What happens when you let an Aboriginal art critic comment on a very idealized and western view of nature and naturalism? Tyson Yunkaporta wrote a sobering piece about Van Gogh’s depiction of authentic landscapes in The Guardian, after visiting the exhibition ‘Seasons’ at the National Gallery in Victoria, Australia. Yunkaporta regards Van Goghs’ art an uncanny representation of the longstanding western conflict between nature and industrialized landscapes, making him detached from the land;
” There is something desolate and unfulfilling in a view of nature that separates us from it, leaving us to plunder it for food products, minerals and even light and colour for art. There is a kind of desperate longing for connection and meaning through country that I see in the works of Van Gogh, who was outside of the land, looking in.”
This analysis of a well respected western artists’ view of the world is a very good example of how different Aboriginal people perceive their surroundings, crossing the borders between modern and indigenous worlds. One of the most interesting points Yunkaporta makes is about different perceptions of natures’ seasons. He describes how the 4 seasons have been imposed by the northern hemisphere upon Australia a few centuries ago, whereas Australia actually has up to twice the amount of seasons relating to the biodiversity of the different regions. His explanation is that the continent is not -yet- entirely superimposed by mono-culture, therefor the call of the lyrebirds (for example) reminds him it’s time to collect the starchy sweet cores of the ferns in the Kulin nation. Yunkaporta hereby demonstrates how this approach of the seasons is way more connected to every aspect of nature, as opposed to western industrialized approaches with a heavy focus on economic merit, an artificial concept of growth, one that can ultimately only obliterate and consume itself. And exactly the latter is also represented in Van Goghs’ work.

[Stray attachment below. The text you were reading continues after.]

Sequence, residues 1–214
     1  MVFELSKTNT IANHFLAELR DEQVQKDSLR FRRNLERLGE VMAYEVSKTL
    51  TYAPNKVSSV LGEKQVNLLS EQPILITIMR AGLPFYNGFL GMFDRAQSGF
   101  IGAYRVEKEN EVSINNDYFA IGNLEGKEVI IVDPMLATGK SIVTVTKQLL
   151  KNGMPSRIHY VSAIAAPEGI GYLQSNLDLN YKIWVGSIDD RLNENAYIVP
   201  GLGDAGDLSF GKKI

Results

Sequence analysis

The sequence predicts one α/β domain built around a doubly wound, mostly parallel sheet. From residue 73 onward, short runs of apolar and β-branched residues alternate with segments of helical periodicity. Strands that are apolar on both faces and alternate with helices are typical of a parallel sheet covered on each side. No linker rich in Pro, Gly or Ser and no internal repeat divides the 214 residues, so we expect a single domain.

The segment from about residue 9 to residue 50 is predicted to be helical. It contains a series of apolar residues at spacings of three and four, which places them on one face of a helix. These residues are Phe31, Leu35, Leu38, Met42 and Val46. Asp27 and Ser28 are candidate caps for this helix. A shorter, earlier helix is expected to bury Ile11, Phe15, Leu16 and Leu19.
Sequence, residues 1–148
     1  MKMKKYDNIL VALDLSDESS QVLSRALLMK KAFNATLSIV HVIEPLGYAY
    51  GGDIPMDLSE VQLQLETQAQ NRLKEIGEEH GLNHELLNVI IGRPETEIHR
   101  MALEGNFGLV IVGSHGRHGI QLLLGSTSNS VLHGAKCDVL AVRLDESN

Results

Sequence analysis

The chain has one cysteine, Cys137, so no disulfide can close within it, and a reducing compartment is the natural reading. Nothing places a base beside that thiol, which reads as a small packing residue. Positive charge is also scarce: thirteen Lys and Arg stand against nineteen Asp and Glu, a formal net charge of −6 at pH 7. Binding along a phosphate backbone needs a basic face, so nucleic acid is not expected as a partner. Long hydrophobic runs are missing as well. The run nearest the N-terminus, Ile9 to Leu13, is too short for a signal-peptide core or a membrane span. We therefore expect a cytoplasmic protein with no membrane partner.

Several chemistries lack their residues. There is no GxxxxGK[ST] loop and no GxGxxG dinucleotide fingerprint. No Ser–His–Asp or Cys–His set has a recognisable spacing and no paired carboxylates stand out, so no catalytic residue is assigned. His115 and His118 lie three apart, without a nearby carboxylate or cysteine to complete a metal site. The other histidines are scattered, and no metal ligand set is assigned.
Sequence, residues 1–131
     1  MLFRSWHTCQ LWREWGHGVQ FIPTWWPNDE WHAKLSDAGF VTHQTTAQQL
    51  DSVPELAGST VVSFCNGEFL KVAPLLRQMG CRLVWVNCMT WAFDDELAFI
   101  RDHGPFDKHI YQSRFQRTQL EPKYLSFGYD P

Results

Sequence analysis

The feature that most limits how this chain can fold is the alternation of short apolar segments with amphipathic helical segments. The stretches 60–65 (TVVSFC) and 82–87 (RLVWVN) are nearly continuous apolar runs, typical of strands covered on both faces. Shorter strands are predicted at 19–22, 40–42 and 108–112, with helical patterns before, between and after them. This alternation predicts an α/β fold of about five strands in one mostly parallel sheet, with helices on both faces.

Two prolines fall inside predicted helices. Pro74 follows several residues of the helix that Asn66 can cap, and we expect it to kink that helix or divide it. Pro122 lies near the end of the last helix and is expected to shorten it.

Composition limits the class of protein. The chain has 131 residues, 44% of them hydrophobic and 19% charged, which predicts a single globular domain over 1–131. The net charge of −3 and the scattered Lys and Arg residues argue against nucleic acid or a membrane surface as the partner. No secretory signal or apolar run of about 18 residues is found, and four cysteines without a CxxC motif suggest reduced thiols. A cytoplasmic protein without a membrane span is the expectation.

Want to read the full article? Go to the The Guardian website.